The main issue the tribunal had to decide was whether the change in title and nature of the property from Torrens title to strata title was a fundamental change that could cause the lease to end or otherwise prevent Pozetu from providing an option lease in conformity with the original lease.
In addition, the tribunal also considered the effect of non-registration of the lease and the rent review clause of the lease, which was inconsistent with the Retail Leases Act 1994 (NSW).
Non-registration of lease does not vitiate its terms
In New South Wales, section 53 of the Real Property Act 1900 (NSW) provides that leases which have a term of over three years must be registered. This means that if a lease of such a term is not registered, the lease operates as a lease in equity and at law and will become a monthly tenancy determinable at the will of either party by one month’s notice.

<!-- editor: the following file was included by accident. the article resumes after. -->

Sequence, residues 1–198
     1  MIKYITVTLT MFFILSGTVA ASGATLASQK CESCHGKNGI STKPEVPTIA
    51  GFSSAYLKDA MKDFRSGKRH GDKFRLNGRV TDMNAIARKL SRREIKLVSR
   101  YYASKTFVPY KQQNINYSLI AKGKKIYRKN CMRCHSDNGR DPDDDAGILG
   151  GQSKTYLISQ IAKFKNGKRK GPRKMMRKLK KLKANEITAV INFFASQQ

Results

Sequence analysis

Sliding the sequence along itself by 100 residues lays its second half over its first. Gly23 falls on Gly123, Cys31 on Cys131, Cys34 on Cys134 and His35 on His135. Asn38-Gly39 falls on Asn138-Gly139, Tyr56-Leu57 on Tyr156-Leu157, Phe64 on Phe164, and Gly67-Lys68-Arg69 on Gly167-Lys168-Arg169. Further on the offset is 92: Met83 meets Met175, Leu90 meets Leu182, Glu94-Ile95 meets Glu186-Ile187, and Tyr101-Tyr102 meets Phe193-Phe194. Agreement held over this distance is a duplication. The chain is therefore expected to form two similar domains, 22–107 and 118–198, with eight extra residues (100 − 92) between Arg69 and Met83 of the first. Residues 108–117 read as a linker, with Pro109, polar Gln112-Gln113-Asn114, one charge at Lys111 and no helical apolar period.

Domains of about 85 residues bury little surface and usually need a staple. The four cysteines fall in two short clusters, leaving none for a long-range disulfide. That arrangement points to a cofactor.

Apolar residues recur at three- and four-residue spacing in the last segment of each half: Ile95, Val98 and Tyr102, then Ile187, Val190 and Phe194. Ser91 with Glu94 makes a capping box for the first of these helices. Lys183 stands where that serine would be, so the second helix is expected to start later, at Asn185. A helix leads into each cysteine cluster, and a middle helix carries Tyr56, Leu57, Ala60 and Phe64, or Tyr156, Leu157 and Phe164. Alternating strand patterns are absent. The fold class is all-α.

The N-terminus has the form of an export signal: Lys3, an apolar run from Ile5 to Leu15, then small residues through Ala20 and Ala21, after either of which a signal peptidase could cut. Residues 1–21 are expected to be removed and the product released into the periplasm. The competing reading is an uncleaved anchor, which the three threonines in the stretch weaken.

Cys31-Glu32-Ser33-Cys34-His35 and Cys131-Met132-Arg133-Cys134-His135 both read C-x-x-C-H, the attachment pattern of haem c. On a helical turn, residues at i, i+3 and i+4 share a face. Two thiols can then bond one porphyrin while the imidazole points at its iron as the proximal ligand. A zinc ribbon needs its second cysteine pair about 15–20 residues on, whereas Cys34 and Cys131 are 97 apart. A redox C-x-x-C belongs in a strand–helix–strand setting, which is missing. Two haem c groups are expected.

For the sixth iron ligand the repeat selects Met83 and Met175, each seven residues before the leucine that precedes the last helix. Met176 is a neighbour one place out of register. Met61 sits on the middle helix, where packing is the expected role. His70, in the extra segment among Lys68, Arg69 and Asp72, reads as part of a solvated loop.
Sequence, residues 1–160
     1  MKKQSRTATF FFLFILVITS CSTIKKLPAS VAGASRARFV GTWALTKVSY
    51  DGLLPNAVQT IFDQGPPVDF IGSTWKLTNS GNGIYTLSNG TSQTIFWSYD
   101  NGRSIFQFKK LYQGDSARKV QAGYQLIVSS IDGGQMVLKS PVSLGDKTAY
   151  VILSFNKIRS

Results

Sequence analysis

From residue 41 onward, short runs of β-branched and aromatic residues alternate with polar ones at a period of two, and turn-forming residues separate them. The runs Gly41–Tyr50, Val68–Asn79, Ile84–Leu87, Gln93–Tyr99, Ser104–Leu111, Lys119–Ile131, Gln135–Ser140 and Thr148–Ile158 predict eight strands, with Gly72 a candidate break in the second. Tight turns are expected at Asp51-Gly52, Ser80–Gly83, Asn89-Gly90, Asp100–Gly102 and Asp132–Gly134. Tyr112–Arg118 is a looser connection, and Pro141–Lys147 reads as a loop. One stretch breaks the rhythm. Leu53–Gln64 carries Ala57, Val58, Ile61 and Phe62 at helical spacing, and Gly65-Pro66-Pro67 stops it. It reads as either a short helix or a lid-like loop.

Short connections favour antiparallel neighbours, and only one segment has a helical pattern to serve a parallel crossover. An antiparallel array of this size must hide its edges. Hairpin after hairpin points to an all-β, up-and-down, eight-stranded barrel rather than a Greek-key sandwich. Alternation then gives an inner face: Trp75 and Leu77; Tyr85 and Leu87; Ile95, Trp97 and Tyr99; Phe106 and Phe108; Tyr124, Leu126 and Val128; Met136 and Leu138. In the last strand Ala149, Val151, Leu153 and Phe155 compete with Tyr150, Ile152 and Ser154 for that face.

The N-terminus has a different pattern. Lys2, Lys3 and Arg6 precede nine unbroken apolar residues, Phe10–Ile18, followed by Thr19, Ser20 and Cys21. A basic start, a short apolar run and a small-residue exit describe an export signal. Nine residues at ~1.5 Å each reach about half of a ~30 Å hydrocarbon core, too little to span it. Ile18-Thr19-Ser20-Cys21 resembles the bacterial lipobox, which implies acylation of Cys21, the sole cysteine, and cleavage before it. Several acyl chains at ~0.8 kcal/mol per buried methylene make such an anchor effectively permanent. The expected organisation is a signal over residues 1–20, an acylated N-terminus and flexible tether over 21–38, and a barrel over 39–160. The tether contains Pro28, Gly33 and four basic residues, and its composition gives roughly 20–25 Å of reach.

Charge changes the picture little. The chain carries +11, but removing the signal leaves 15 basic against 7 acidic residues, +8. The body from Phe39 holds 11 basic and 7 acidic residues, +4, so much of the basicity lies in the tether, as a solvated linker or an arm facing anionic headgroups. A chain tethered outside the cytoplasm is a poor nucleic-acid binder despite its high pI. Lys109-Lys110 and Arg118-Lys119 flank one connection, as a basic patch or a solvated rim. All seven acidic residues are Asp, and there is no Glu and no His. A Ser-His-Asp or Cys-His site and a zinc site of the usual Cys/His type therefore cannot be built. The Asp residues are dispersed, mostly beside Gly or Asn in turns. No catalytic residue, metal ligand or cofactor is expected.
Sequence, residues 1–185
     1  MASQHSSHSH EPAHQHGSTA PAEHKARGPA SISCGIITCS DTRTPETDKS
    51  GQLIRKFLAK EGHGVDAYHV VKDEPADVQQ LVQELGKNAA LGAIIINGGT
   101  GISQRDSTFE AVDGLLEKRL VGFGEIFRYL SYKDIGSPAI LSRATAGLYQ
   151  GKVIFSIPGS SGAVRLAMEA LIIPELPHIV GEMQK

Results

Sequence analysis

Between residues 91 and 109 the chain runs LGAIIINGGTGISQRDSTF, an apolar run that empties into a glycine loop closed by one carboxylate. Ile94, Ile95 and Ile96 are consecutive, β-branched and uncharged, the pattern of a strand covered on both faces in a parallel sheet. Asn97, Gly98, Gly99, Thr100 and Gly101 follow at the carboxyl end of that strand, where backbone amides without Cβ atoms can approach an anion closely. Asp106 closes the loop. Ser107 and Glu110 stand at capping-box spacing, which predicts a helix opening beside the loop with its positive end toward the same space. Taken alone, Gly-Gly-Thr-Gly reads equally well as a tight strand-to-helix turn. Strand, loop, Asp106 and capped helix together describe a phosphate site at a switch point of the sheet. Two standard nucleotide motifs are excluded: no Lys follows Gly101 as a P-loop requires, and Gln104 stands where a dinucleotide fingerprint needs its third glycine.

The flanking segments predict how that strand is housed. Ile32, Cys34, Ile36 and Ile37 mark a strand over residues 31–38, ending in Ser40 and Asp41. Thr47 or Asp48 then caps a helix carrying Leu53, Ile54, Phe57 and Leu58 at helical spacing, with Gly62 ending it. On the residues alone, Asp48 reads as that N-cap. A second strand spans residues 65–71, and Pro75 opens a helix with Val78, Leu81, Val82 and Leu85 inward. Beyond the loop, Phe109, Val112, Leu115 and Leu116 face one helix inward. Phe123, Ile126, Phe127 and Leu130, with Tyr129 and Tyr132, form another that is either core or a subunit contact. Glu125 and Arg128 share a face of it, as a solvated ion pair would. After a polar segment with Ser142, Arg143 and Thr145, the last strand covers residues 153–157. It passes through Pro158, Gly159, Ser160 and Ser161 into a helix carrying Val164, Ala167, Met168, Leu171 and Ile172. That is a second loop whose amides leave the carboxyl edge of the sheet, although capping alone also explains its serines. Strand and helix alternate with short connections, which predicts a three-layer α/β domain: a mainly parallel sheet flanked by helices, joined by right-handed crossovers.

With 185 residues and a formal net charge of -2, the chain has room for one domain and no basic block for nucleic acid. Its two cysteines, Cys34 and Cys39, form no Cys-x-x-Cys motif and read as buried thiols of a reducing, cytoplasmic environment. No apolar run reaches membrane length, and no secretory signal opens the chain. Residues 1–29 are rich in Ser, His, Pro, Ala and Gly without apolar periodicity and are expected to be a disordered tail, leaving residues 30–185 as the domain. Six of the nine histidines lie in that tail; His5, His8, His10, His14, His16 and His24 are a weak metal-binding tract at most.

The original lease between Pozetu and Alexander James was for a term of five years but was not registered. Although the original lease was never registered, the tribunal found that non-registration did not have the effect of vitiating any terms of the lease, as the lease expressly provided that it was a "deed even if it is not registered".
Therefore, as the lease operated as a deed between the parties, the terms, agreements and covenants, including the exercise of the option of the lease, were operative as enforceable obligations.
Converting to strata title does not prevent performance of obligations
In determining the effect of registration of the strata plan on Pozetu's obligation under the lease, Senior Judicial Member Bluth referred to numerous decisions, including Young J's judgment in Ashington Holdings Pty Ltd v Wilpema Services Pty Limited No. 1  NSWSC 143, No. 2  NSWSC 414 and its Court of Appeal decision of Ashington Holdings Pty Ltd v Wipema Services Pty Limited  NSWCA 456 to examine the change in relationship between a landlord and tenant under the lease as a consequence of registration of the strata plan.
The tribunal found that registering the strata plan did not amount to repudiatory conduct on behalf of Pozetu on the following grounds: